Before Michael Mann gave us the unforgettable Al Pacino and Robert De Niro pairing in the 1995 crime epic, Heat, it was worth noting that he got his impressive start in Thief fourteen years ago (unless you want to count his 1979 made-for-TV first feature, The Jericho Mile).
Turning 40 today, then-37 years old Michael Mann has already proven to be an ace in combining distinctive visual style and methodical storytelling. The former is particularly evident in the way he and cinematographer Donald Thorin shoots the rain-slicked streets of Chicago during the night. This was way before he became fixated on experimenting with high-definition video decades later in the likes of Collateral (2004), Miami Vice (2006) and Public Enemies (2009).
Back to Thief, the nighttime scenes evoke both cool and alluring neo-noir visual aesthetics, coupled with Tangerine Dream’s mesmerising synth score that helps distinguish the crime thriller from other like-minded films at the time. Mann clearly is in control of how he frames his picture, even for a scene as simple as James Caan’s titular character Frank making a call on a payphone.
Beyond its visual beauty surrounded the movie, Mann never forgets about the necessary grit and violence commonly associated with the crime genre, where the latter sees the director draws inspiration from Sam Peckinpah in executing some of the slow-motion shootout scenes. Thematic visual motifs are also prominent in Mann’s feature-length debut, notably the ocean backdrop where a protagonist would either look or stare at the wide-open sea, signifying loneliness, solitude and even uncertainty that reflects their character. Such a scene is featured during the earlier moment where Frank takes a walk down the jetty at dawn while holding a bag of rolls. From there, he joins the fisherman where they have a small talk before looking out over Lake Michigan.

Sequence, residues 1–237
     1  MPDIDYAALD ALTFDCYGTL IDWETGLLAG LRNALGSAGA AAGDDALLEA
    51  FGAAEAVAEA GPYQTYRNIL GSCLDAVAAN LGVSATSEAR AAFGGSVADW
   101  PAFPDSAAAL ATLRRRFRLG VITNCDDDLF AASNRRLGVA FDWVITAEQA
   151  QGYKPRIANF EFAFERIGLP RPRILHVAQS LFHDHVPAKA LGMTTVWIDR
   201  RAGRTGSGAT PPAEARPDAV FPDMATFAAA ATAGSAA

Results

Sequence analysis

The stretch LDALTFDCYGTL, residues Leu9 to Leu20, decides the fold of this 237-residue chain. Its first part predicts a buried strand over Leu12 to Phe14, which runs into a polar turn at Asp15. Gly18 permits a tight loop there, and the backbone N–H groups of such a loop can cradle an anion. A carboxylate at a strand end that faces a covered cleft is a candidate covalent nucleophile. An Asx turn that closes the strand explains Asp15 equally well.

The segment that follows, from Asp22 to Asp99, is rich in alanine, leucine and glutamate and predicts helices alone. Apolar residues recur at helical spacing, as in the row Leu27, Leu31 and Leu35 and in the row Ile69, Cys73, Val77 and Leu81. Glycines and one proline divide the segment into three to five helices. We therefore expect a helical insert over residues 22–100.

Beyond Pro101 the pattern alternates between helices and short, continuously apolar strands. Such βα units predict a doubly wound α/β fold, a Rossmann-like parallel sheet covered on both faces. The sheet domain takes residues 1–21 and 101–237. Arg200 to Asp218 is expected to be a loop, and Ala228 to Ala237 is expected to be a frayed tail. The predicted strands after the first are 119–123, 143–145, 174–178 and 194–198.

Thief is also notable in how Michael Mann chose to portray them, particularly the protagonist. Played by James Cann in one of his finest performances to date, Frank may have been a career criminal specialising in safe-cracking. He’s good at what he does and lives by a strict moral code. But he remains a flawed individual when comes to his own personal life. Like any other normal person would do, he wants to start a family and a home. This, in turn, leads to an elaborate scene in the diner where Frank confesses his feeling to Jessie (Tuesday Weld, giving decent support here) — the emotional moment that showcases Frank’s both human and vulnerable sides of his otherwise apathetic and embittered safecracker.
Equally worth mentioning is Robert Prosky’s strong supporting turn as the sneaky and manipulative crime boss, Leo. Jim Belushi — credited as James Belushi — made his official feature-length acting debut as Frank’s partner in crime, Barry. Also, look out for a blink-and-you’ll-miss-it cameo appearance of then-unknown William Petersen playing as a bartender. Petersen, of course, would subsequently lead as FBI profiler Will Graham in Michael Mann’s Manhunter five years later.
The story — adapted by Mann himself from Frank Hohimer’s 1975 novel The Home Invaders: Confessions of a Cat Burglar — is actually a straightforward one. The kind where the protagonist (Caan’s Frank) looking for one last big score before settling down for good. Of course, things do not go right as expected when the crime boss (Prosky’s Leo) that he works with double-crosses him at the end of the day.
The movie’s deliberate pace might be a turn-off for some people but as mentioned earlier, Mann’s methodical approach focusing on the professional and personal life of a safecracker is what elevates Thief as an above-average effort. Mann insists on attention-to-detail realism when comes to the safecracking moments seen in the two heist sequences, even went as far as utilising actual tools as according to IMDB’s trivia section, “supplied by real-life thieves who served as technical consultants on the film”.
First released back on March 27, 1981, Thief was well-received by critics but didn’t perform well in the box office. In fact, you could say Michael Mann’s earlier directorial efforts — particularly his first three films with the other two including The Keep (1983) and Manhunter (1986) — didn’t exactly translate well with the general audiences at the time. It only took Mann until his 1992 fourth feature, where he finally scored a major box-office hit in The Last of the Mohicans starring Daniel Day-Lewis and Madeleine Stowe.